We learned a little more about Francon’s daughter. I don’t think she is a “good” person but I really enjoyed her character and her rebellious spirit. She doesn’t seem to have many friends that can keep up with her sharp tongue but she has many admirers because of her amazing beauty. Keating seemed to have done better than most and he was very taken with her. I’m afraid he is going to do the wrong thing and pursue Dominique (Francons daughter) and lose Katie. That doesn’t seem so bad to me because he does not deserve someone like Katie.

At the end of the chapter Roark finds himself working on a project for a customer that really wants something new and different for his home. Roark designs something probably perfect but then the “experts” at his firm wreck it with there rules of architecture. As the customer complains Roark steps out of his expected role and without saying a word starts drawing on top of the drawing the artist had made. Synte fires Roark for this outrage but unknowingly let him draw long enough so that the customer (Austin Heller) saw that Roark was the man for the job. He took Roark to lunch and gave him the job of designing and building his home.

Friday, August 28, 2009

Chapter Nine

Roark gets a job! Roark continued his masochistic search for employment and happened upon the perfect firm. John Erik Snyte was in charge and he had designers from all genres. And now with Roark he had his modernist. Roark didn’t like to be labeled anything but his hard times had helped him grow as a human and was willing to settle a little to continue towards his passionate goals.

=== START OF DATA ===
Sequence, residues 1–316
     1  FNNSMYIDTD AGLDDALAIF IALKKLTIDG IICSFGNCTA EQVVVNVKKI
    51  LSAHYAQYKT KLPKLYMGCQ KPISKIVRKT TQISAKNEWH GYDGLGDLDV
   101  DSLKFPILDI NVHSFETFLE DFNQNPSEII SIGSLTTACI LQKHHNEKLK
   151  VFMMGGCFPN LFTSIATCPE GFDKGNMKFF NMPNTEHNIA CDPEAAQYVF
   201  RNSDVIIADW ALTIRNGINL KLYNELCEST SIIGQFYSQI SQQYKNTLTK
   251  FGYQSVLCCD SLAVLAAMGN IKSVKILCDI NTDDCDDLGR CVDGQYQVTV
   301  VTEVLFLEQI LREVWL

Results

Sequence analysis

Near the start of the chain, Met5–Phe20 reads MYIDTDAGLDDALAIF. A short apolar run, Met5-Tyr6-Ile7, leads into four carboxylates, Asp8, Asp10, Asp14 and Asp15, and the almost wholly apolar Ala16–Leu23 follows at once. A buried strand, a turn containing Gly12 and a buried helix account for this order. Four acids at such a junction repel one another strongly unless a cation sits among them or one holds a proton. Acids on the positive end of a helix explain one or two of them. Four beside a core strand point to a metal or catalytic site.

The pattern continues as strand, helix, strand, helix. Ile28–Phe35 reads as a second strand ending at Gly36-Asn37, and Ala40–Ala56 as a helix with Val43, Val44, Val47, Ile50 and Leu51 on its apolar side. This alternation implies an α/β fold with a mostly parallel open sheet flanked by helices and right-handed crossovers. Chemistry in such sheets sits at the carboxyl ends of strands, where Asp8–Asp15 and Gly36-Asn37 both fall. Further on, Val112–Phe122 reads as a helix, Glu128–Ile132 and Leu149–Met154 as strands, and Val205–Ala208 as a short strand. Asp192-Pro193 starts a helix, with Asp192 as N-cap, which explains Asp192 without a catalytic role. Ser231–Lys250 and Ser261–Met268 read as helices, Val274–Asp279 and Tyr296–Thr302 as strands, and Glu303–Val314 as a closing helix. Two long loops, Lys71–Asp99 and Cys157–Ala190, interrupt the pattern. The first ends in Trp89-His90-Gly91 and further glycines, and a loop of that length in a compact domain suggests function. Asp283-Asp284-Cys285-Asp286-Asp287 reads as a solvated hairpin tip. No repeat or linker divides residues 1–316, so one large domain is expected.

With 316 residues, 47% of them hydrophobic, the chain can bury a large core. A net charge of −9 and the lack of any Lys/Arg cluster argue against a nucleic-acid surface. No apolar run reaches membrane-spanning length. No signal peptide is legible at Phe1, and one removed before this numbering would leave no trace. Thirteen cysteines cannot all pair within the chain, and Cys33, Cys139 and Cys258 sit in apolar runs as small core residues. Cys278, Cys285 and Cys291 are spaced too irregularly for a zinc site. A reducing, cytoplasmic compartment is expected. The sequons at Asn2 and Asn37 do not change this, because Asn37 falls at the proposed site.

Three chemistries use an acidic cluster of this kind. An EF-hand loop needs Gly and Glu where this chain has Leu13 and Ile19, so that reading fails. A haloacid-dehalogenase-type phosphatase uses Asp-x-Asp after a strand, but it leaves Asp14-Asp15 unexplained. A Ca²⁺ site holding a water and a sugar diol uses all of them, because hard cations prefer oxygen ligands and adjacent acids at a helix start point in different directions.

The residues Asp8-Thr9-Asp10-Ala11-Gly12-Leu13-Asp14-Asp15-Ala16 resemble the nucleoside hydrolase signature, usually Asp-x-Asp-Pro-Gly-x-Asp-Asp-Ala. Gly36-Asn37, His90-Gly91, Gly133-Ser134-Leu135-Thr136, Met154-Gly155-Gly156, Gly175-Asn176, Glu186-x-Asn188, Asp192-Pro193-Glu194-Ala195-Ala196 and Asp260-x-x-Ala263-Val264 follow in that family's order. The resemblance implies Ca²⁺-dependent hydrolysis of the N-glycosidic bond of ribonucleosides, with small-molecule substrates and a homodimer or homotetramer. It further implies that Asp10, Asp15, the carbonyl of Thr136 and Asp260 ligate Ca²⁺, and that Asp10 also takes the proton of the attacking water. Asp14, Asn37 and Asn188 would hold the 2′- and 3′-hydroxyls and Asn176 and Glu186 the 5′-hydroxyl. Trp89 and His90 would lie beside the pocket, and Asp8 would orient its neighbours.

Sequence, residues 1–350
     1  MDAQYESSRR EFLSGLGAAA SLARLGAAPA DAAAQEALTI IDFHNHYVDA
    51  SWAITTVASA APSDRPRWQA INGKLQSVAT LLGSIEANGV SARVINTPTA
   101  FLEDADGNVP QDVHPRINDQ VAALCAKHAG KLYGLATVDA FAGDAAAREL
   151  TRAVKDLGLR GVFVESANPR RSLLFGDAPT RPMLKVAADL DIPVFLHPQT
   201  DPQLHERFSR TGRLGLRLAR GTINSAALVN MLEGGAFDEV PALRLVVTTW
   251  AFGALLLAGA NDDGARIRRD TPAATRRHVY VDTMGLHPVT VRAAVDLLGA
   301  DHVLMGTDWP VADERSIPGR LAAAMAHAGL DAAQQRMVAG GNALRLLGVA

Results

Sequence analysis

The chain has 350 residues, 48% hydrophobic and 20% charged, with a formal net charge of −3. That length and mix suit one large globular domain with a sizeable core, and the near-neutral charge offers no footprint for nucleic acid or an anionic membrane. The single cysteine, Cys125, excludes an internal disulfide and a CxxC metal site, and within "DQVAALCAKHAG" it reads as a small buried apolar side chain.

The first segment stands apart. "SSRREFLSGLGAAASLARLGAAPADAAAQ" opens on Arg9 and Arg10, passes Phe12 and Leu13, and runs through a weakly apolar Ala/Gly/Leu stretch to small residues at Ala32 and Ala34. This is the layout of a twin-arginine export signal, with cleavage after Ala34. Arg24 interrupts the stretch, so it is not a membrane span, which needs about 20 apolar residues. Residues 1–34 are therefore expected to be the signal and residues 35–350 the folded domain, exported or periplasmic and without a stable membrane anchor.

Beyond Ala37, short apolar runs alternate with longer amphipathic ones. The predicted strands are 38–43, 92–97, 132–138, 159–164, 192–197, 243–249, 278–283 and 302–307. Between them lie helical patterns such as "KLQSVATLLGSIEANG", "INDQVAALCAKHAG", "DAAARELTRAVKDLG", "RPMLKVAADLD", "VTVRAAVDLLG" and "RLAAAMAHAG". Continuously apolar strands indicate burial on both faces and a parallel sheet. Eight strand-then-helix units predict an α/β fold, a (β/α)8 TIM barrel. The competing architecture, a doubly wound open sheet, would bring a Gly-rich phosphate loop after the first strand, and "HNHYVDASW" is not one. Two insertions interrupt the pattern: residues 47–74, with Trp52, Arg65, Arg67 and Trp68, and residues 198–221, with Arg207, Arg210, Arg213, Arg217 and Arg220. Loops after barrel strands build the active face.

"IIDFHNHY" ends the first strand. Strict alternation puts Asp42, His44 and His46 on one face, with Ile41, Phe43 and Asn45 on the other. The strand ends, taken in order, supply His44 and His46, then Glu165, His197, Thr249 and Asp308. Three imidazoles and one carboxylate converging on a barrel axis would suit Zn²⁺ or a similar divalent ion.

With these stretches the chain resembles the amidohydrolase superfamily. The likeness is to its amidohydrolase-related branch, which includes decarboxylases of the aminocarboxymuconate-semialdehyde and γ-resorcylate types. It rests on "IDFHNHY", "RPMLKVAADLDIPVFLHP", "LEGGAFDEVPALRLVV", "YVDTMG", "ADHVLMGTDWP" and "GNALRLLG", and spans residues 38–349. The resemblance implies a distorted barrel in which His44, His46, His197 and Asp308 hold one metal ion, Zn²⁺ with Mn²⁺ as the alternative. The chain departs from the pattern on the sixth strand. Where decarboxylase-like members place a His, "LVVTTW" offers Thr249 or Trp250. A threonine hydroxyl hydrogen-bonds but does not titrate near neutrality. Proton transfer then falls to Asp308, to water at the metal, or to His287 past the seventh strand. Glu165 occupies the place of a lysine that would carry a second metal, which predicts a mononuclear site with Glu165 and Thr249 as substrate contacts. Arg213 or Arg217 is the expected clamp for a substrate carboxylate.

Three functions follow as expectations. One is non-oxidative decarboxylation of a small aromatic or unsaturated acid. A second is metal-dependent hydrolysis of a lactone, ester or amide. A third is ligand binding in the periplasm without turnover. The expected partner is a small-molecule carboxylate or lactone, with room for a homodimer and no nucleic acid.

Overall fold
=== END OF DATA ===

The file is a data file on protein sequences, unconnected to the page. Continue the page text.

Keating becomes unnerved in this chapter. He starts to become unfairly short with people and maybe it’s because his bullet proof firm is now on the receiving end of gossip and publicly embarrassing news. 

Katie starts to really show her passion and it’s for great men. At least for her uncle who is proving to be intelligent, brave, and respected by the masses. And his respect is seemingly more justified than Guy Francon’s or what Keating’s hopes to be.

Chapter Eight

Chapter Eight starts with a high for me. Francon gives Roark a chance for what he was seemingly born to do. It’s a client who wants a building like that of which was designed by Henry Cameron. But because of Roark’s cold way of objecting to Francon’s ideas of what the building should be, Francon gets very upset and insulted by Roark. He fires him and Roark spends the rest of the chapter spiraling downward and even thinks that he may never build again.

Chapter Seven